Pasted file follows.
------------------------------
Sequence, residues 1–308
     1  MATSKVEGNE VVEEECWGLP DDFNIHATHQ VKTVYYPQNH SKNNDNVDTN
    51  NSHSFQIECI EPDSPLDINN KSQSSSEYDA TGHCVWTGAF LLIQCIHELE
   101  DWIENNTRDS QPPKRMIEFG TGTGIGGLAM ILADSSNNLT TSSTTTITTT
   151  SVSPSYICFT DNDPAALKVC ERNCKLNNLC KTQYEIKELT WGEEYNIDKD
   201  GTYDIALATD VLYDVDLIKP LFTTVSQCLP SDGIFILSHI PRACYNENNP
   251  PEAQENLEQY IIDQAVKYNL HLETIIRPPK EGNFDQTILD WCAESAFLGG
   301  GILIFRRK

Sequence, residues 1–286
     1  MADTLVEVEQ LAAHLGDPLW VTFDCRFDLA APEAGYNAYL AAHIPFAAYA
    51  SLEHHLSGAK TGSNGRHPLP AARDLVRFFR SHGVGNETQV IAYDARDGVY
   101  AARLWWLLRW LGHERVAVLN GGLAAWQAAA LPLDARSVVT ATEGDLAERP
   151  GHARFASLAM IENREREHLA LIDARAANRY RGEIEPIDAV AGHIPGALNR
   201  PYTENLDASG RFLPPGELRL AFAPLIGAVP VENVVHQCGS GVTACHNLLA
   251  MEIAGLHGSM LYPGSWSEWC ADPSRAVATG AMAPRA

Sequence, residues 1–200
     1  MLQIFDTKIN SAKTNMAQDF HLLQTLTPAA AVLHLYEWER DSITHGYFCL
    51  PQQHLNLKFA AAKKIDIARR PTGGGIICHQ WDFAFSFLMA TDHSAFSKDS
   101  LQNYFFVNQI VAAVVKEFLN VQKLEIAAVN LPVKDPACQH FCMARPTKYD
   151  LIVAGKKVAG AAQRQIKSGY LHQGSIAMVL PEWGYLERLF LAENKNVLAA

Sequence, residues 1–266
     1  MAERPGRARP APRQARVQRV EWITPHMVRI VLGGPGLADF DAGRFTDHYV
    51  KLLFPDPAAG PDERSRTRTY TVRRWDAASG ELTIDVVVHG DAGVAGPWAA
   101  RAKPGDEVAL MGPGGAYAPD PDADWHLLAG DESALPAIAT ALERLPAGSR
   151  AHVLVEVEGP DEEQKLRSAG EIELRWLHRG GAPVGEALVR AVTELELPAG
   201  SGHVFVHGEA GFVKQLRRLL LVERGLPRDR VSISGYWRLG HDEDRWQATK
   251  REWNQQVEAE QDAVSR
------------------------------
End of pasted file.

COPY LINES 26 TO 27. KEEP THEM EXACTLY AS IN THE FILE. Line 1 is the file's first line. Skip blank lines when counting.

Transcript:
   201  SGHVFVHGEA GFVKQLRRLL LVERGLPRDR VSISGYWRLG HDEDRWQATK
   251  REWNQQVEAE QDAVSR